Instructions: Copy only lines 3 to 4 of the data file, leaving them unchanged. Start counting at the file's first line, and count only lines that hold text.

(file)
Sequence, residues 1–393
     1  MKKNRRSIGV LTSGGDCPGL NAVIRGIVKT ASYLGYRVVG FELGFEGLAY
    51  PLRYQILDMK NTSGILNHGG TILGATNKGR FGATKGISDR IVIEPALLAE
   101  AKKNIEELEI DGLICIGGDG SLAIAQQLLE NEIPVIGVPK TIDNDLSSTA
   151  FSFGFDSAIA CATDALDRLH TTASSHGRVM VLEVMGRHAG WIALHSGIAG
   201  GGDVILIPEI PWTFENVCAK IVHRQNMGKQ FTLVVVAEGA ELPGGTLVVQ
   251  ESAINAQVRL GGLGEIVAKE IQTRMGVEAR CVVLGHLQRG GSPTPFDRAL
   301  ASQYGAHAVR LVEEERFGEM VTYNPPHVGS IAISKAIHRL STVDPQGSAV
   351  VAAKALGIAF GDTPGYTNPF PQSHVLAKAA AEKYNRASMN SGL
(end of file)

    51  PLRYQILDMK NTSGILNHGG TILGATNKGR FGATKGISDR IVIEPALLAE
   101  AKKNIEELEI DGLICIGGDG SLAIAQQLLE NEIPVIGVPK TIDNDLSSTA